Part 2…Sightseeing in Marrakech outside the Medina..A baby…

This camel calf is one month old.  Mom looked proud of her offspring, not seeming to mind when we moved around her to take photos.

As we drove through the beautiful Palmeraie area, it was obvious we were in an upscale area, although all the residences had high walls preventing us from seeing anything but the second floors and rooftops.

Tom and I, near the baby and her mom with the herd owner in blue in the background.

The herd owner couldn’t have been more pleased to share his camels with us.  He suggested this photo for which we’d had no intention of asking. Most followers of the Muslim faith refuse to be photographed.

As I’d mentioned yesterday, there were areas along the side of the side of the road, with several herds of camel, every few blocks.  With herd owners were in attendance patiently waiting for customers seeking a camel ride or an opportunity to take photos.

These appear to be of a different breed as opposed to those we’d seen in Kenya. These single humped camels are referred to as Dromedary Camels,  For more information, please click here.

In a way, it was sad to see, the diligent camel owners waiting day after day for customers in a relatively quiet area while having the responsibility of feeding, caring for and housing their camels at night.  Surely, there is a considerable expense in caring for the camels, leaving these owners at the mercy of the inconsistent tourist trade.

The camels are used to being near humans and are known to be gentle and non aggressive.

As we drove through the area, I kept pointing to the camels along the road, desperately wanting to stop and see them.  Samir reminded me to be patient. Shortly down the road, he’d arranged for an owner friend to accommodate us who was awaiting our arrival.

Much to our delight, we got more than we’d expected…a one month old calf that warmed our hearts bringing memories back to all the babies in Marloth Park.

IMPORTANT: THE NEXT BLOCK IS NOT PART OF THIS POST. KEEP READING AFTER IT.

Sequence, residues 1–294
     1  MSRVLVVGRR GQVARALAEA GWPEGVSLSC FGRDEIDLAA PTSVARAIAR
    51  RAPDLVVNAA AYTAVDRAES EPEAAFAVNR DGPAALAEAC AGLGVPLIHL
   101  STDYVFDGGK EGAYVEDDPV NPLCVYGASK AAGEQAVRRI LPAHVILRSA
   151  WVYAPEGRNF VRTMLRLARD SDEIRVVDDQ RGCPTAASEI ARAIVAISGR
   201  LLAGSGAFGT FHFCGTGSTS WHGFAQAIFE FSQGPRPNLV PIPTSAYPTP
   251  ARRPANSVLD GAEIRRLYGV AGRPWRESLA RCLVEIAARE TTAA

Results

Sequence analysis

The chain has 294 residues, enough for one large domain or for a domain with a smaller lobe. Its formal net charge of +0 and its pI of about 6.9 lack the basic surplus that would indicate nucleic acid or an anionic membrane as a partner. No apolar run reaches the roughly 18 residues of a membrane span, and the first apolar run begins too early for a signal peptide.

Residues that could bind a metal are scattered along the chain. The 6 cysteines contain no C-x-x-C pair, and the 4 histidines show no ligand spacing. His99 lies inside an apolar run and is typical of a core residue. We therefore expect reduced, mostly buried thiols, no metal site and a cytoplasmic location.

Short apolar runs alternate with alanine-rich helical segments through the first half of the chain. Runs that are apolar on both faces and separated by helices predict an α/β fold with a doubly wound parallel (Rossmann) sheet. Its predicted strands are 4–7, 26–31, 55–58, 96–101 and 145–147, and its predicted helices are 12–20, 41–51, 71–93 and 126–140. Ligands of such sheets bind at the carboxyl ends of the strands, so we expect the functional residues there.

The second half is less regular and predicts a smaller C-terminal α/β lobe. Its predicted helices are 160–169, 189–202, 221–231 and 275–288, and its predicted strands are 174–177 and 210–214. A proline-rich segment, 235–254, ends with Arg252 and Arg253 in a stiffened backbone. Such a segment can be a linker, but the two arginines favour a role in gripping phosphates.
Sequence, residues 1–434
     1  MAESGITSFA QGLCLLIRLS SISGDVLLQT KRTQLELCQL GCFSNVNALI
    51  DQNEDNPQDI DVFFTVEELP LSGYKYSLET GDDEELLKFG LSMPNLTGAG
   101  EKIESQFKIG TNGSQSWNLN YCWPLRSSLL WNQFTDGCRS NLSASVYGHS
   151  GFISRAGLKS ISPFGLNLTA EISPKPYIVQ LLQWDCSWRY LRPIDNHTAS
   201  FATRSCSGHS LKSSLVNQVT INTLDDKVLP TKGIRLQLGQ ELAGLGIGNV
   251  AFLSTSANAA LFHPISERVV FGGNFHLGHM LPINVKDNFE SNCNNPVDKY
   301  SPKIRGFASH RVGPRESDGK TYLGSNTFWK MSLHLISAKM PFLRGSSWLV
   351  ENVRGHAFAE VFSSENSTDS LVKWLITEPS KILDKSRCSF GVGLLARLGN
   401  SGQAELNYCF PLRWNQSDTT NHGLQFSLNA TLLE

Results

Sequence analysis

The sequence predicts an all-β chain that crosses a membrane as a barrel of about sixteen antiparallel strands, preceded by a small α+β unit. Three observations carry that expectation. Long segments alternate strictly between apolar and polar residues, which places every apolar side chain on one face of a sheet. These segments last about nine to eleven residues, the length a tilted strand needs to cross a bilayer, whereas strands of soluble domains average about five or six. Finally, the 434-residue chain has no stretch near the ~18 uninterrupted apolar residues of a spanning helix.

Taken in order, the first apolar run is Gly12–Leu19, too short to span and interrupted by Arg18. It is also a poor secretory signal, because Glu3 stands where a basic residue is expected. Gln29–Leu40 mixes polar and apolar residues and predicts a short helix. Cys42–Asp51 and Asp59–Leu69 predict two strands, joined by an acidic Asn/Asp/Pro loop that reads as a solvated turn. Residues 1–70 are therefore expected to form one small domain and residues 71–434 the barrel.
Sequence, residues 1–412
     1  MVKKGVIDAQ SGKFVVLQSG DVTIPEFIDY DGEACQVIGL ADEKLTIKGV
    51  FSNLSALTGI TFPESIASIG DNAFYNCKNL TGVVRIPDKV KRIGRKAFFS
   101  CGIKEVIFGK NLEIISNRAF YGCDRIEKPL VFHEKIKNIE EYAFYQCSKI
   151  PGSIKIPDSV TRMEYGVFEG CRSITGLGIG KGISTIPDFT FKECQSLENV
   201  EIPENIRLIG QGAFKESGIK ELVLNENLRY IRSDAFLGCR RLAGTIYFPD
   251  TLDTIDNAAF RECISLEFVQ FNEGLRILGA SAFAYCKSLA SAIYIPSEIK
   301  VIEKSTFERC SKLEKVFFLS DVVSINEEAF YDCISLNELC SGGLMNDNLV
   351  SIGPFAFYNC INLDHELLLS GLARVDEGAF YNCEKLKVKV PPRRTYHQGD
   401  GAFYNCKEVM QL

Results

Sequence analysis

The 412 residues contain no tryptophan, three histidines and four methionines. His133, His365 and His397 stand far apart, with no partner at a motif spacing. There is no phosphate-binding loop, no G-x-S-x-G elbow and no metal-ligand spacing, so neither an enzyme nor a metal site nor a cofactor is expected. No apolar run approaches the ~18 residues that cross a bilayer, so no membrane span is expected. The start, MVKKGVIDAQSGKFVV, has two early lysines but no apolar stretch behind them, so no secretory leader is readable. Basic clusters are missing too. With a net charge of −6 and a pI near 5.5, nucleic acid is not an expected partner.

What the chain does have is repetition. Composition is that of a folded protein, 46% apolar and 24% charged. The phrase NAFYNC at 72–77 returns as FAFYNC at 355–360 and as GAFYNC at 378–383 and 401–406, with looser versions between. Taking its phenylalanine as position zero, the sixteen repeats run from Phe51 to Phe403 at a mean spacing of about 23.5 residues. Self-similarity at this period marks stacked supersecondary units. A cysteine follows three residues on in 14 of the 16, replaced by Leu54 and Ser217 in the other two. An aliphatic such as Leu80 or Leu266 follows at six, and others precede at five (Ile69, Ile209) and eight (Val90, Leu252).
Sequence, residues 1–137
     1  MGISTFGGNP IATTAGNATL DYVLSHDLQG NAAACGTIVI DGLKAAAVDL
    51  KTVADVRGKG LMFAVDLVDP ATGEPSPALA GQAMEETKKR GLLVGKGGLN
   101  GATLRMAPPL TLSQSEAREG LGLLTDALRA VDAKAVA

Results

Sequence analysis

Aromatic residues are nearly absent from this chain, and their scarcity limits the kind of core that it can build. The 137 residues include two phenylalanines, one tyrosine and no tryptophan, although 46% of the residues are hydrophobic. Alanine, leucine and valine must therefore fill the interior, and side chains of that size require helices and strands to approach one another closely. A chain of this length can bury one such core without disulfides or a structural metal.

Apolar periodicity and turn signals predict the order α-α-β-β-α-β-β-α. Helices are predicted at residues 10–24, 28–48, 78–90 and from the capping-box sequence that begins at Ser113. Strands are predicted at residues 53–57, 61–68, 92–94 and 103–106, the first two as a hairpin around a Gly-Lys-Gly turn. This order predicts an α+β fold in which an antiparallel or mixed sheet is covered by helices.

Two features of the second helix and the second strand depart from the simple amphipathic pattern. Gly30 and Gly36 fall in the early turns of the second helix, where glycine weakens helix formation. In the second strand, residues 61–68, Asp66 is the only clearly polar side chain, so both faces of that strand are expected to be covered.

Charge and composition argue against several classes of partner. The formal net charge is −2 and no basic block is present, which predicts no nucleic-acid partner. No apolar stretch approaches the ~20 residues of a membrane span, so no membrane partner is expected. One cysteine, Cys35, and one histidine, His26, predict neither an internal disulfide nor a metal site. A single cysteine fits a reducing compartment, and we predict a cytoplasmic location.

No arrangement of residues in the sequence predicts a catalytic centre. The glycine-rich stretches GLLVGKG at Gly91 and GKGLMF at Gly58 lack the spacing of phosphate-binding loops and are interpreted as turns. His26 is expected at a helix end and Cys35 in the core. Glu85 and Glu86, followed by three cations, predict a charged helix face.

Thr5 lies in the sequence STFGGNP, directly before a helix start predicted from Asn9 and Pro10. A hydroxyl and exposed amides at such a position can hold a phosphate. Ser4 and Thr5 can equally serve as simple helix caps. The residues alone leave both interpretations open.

We noticed the “pads” camels are born with to protect their knees and body when laying or kneeling.  We’d noticed this same amazing feature in zebras with the dark spots on the inside of each leg, to protect the body when lying down.

I felt that same calm wash over me that I’d left behind when we said our goodbyes to Marloth Park, that same calming effect that a love of animals can bring when in their presence.  Even Tom, less visibly enthusiastic than I, became engaged in the baby camel, as well as the mature camels as we wandered around their designated area.


They all seemed content as they lounged in the warm sun.  Camels of this variety rarely live in the wild in Morocco, as they tend to live well in herds owned by humans.

The kindly herd owner guided us to the best vantage points for our photos as shown here today.  It was evident that he took great pride in his herd. We let him know how much it meant to us that he willingly shared them with us.  The token tip we gave him was nothing compared to the obvious pleasure he derived from our appreciation of his herd.

A short time later, we were back on the road for our final stop in our sightseeing day concluding at the Menara Gardens and Pavilion.

Tom called me to come see the baby nursing when I was busily taking photos of the other camels.  It was delightful to see this.

For those seeking a quiet long stroll around a manmade pool and a walk through the orchards (not in bloom at this time), this site would be ideal.  The quiet contemplative location held little interest for us during the hour and a half period we had until we were to meet up with Mohamed and Samir.